I know when shooting on film, a light meter is used to determine the amount of exposure time for the film to get the right colours. Wikipedia also mentions they're used to to determine the optimum light level for a scene, however I'm not quite clear on why this would be required on digital films, as there is no film being exposed and you'd assume they could judge how much light is needed without exactly measuring the amount of light on screen (by looking at the scene once lit or watching the camera's output monitor).

Can anyone explain what exactly light meters would be needed for on a Movie or TV project not being shot on film?

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    Even digital cameras are limited by their design and the amount of available light. Better quality digital cameras do not use a fixed shutter or a digital approximation... en.wikipedia.org/wiki/The_Red_One_(camera)#The_Red_One like that little revolutionary gem, the recording process was digital, but getting the image to the sensor still required lenses and a variable aperture to create the right effect... true depth of field being one of the desired effects. Knowing what the light is exactly at the subject would be important.
    – Bon Gart
    Jul 16, 2014 at 20:51
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    Shooting a scene can sometimes take several days, or even several locations (e.g. Transformers 4 shot in Hong Kong, but also built a "Hong Kong" set in Detroit). Obviously one would want it to have the same "look". Recreating the lighting from the other day/location can be done much easier and faster if you use a light meter.
    – Oliver_C
    Jul 16, 2014 at 21:09
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    @BonGart and Oliver: These seem like good explanations. Why not put them up?
    – Walt
    Jul 20, 2014 at 22:54

1 Answer 1


A light meter is a device used to measure the amount of light. In photography, a light meter is often used to determine the proper exposure for a photograph.

Now why do you think that managing exposure is not needed in Digital Cinematography ?

Photography or Cinematography, Analog or Digital, it's all about managing the exposure.

In plainest terms, Exposure just means how much light is exposed to the picture and most pictures are either under exposed of over exposed. Under exposed means having a dark picture and over exposed means having more light than required. Good photography or cinematography is all about having just the right amount of light in your picture.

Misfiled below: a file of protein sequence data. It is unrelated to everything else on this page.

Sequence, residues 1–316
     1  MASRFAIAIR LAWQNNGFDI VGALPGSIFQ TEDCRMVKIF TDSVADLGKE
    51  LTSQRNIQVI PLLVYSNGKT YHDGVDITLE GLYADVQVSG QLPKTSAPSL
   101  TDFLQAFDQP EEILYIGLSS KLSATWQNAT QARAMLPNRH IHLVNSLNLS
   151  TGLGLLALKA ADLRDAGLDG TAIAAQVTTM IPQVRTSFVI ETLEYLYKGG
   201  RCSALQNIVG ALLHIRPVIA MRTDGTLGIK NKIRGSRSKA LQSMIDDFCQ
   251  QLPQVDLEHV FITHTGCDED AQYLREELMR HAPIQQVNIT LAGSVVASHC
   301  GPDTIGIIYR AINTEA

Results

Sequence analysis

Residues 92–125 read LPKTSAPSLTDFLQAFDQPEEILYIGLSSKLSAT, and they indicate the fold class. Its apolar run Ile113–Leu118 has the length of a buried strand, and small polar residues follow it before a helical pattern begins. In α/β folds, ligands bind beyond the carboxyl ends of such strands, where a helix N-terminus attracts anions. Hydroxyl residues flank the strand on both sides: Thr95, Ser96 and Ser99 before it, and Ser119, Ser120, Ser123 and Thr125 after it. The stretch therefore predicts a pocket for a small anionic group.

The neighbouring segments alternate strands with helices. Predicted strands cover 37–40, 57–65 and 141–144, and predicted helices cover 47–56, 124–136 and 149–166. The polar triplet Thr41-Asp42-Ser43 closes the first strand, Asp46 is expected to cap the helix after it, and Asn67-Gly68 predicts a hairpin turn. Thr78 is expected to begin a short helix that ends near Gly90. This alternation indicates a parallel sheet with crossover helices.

Most of the techniques in photography/cinematography deal with this very thing. Lens Filters do this very job of managing the exposure and this is applicable to both Digital and analog techniques.

Check any photography tutorial (analog/digital), they will tell you about how to manage the exposure.

when something is captured by a camera it goes to the sensor and that's where it is determined how the picture is going to be, depending on its exposure. It's a different story that whether The image or video goes to a film or an SD card.

Summing that up, what I want to say is Digital or Analog they all need to handle exposure. This is irrespective of whether the final output is going to a film or a digital media. And Light meter only tells the current amount of exposure, hence helping the folks to determine how much more they need to tweak the exposure.

P.S there are several techniques to tweak the exposure which are bith pre and post capture.

A few links : Exposure : Please go through the manual exposure part. It tells about light meter.


they could judge how much light is needed without exactly measuring the amount of light on screen (by looking at the scene once lit or watching the camera's output monitor).

That's really not so easy. You can't estimate the right amount of light just by looking at the output monitor. A huge amount of precision is required to determine the right exposure and we definitely need an instrument to help us determine that.

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